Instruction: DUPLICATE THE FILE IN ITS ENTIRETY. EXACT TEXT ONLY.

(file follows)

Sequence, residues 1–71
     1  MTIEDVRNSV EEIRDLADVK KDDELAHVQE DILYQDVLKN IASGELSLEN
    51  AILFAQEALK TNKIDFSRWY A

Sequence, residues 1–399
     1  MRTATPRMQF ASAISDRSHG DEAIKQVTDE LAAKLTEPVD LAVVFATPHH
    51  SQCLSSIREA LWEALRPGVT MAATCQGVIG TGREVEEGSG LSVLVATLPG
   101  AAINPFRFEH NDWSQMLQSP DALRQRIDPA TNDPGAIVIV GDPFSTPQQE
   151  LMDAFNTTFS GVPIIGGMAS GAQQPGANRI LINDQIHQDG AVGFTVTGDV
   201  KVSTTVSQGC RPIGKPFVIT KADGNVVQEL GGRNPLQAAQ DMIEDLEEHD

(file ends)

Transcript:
Sequence, residues 1–71
     1  MTIEDVRNSV EEIRDLADVK KDDELAHVQE DILYQDVLKN IASGELSLEN
    51  AILFAQEALK TNKIDFSRWY A

Sequence, residues 1–399
     1  MRTATPRMQF ASAISDRSHG DEAIKQVTDE LAAKLTEPVD LAVVFATPHH
    51  SQCLSSIREA LWEALRPGVT MAATCQGVIG TGREVEEGSG LSVLVATLPG
   101  AAINPFRFEH NDWSQMLQSP DALRQRIDPA TNDPGAIVIV GDPFSTPQQE
   151  LMDAFNTTFS GVPIIGGMAS GAQQPGANRI LINDQIHQDG AVGFTVTGDV
   201  KVSTTVSQGC RPIGKPFVIT KADGNVVQEL GGRNPLQAAQ DMIEDLEEHD